Presentation on theme: "Teacher Evaluation: Implications for Special Educators Leading Change 2014 Virginia Stodola Teacher Evaluation Audra Ahumada Alternative Assessment Lisa."— Presentation transcript:
Teacher Evaluation: Implications for Special Educators Leading Change 2014 Virginia Stodola Teacher Evaluation Audra Ahumada Alternative Assessment Lisa Aaroe Professional Learning and Sustainability
Special Educators: A Look at Teacher Evaluation Provide information on the implications for Special Educators Highlight National Trends Share concerns from the field Discuss the use of Student Learning Objectives as one measure of growth
Four Corners Activity What have you heard? What questions do you have? What concerns do you have? How are you currently evaluated? Each group has 5 minutes to chart and share. Choose 1 spokesperson to share out.
Teacher Effectiveness (Evaluation) Teachers face tougher evaluations than ever, according to the National Council on Teacher Quality report. "The number of states that have moved so far forward on teacher evaluation is just striking -- more than 40 states now require student achievement to be a factor in teacher evaluations is very different from where we were before," Sandi Jacobs, the group's vice president, said in an interview. "There's been a real transformation."
Review of States’ Models (Teacher Effectiveness) Include a variety of data into the measuring of teacher effectiveness (including growth measurements) Have varying levels of models being implemented ( i.e. pilot systems) Trying to develop fair and rigorous measures for all teachers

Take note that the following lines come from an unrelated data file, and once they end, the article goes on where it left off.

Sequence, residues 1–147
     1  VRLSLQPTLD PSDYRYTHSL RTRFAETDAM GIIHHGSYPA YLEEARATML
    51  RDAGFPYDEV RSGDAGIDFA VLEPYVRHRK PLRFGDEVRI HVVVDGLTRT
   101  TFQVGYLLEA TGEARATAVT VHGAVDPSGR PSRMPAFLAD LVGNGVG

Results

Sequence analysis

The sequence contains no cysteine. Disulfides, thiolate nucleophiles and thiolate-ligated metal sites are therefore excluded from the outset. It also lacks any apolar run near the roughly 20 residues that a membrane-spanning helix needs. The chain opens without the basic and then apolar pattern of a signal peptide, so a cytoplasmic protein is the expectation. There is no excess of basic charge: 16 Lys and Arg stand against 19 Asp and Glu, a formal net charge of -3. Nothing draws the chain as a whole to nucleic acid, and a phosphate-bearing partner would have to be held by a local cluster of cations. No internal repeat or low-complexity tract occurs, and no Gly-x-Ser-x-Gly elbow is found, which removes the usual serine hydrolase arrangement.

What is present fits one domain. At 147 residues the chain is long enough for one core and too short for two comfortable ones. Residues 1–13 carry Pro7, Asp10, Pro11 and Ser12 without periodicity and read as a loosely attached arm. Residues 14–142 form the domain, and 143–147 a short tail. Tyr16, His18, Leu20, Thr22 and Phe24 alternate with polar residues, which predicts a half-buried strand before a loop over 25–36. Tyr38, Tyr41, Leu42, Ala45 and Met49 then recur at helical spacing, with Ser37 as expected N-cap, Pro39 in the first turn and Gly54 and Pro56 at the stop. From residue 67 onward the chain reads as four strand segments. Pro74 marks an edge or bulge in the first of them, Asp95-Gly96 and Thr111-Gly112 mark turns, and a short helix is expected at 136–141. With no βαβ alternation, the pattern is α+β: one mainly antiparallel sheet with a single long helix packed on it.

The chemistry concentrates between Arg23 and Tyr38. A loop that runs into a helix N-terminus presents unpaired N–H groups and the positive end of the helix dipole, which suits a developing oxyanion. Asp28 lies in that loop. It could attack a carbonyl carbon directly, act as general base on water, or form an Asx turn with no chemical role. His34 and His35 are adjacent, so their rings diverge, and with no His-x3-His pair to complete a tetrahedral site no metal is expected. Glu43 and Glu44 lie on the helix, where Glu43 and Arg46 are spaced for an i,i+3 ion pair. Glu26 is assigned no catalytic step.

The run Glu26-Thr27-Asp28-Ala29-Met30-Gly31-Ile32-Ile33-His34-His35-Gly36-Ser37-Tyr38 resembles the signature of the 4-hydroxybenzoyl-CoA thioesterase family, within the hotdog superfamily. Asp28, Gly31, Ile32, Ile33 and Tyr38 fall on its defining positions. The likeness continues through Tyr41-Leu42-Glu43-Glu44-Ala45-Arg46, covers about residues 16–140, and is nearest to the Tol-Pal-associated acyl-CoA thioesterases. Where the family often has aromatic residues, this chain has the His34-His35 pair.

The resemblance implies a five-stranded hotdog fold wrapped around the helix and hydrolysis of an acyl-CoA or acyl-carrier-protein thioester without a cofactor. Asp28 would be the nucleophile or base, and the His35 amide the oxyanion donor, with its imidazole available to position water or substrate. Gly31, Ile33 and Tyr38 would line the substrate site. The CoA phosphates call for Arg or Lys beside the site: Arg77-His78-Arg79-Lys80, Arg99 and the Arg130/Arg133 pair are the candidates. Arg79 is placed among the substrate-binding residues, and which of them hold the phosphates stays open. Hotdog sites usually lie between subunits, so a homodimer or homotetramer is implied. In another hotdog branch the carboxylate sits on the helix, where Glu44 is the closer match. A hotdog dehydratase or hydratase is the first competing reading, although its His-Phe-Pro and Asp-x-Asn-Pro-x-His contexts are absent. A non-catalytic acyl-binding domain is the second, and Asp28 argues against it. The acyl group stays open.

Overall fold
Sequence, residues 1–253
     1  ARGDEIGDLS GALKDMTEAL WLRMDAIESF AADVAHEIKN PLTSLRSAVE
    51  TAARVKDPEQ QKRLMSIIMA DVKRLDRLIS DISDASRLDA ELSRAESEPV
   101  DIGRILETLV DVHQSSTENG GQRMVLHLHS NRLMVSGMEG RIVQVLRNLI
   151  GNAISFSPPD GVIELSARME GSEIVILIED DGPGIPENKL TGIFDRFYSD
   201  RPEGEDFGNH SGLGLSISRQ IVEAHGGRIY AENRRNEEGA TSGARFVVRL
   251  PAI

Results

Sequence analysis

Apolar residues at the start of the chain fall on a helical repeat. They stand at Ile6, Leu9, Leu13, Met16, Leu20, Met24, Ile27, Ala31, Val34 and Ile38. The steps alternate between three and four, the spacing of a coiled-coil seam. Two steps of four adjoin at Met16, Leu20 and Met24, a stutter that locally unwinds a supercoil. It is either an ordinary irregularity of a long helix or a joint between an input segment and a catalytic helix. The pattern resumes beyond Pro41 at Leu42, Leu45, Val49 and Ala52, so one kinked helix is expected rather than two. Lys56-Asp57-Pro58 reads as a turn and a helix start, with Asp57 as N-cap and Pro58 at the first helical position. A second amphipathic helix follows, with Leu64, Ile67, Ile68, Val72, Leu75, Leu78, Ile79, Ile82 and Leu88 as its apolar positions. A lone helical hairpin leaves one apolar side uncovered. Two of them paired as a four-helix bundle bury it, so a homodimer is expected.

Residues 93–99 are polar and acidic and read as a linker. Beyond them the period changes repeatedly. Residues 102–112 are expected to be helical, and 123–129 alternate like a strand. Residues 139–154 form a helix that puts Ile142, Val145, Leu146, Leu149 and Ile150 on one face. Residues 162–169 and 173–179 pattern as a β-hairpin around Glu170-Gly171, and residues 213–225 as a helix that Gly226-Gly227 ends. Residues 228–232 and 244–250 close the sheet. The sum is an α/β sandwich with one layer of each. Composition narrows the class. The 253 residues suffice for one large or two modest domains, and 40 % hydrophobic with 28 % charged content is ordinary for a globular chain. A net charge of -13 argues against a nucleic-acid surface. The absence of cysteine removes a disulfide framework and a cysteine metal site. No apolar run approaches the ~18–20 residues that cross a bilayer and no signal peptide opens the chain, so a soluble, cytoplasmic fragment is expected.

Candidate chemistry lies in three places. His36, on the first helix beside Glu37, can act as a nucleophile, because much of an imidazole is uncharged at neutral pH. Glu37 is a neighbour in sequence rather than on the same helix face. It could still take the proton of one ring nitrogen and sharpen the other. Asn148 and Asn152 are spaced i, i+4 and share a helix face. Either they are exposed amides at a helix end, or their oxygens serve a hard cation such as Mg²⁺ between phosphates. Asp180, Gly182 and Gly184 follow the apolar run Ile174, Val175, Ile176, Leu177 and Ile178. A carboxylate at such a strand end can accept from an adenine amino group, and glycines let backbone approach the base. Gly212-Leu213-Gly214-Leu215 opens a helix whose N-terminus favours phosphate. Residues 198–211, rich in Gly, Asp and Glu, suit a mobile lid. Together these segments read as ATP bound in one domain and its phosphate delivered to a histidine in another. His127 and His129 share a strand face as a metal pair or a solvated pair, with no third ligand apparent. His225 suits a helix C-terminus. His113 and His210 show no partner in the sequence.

Similarities and Differences Across States http://www.nctq.org/dmsView/State_of_the_States_Teacher_Evaluation_and_Eff ectiveness_Policies_NCTQ_Report
National Concerns for Special Educators 1. Sensitivity of progress in models for students with the most significant disabilities 2. Ambiguity of writing SLOs for classes/subjects- not IEP goals/objectives for individuals- writing an SLO for class of very diverse students for use in effectiveness models
National Concerns for Special Educators 3. Trained observers who recognize the knowledge and skills of a special educator as research based practice 4. Limited research base for how to link academic growth to teacher evaluation and the consequences of doing so 5. Implications and impact of service delivery models (co-teaching)
4 General Characteristics of Teacher Evaluation Systems One evaluation system. Identify appropriate professional learning opportunities. Support continuous improvement. Open and transparent
Recognize the Complex Roles and Professionalism of Special Education Teachers Based on a special education teacher’s specific roles and responsibilities Considers the population of children and youth and their range of exceptionalities Evaluations must be conducted by evaluators with expertise in special education. Evaluations must respect special education teachers’ professional practice and have reasonable case loads and paperwork responsibilities; competitive salaries; benefits; access to resources; and positive working conditions.
Rules of Evaluations Must be based on multiple reliable measures Should never be based solely on student growth. Should not use a student’s progress on their goals, objectives, and benchmarks in the IEP as a measure of a special education teacher’s contribution to student growth.
Continually Incorporate Findings From Research Leaders of evaluation systems reforms must collaborate to ensure that the development and implementation of evaluation systems are carried out in a systematic, coordinated, and efficient manner. Research should identify reliable measures and indicators of student growth that can be validly used to evaluate special education teachers. Policy makers and leaders should consider the intended and unintended consequences of wide-scale implementation of teacher evaluation systems.
ADE’s Educator Evaluation Model The Effective Teachers and Leaders Unit & The Research and Development Section 2013-2014 http://www.azed.gov/teacherprincipal- evaluation/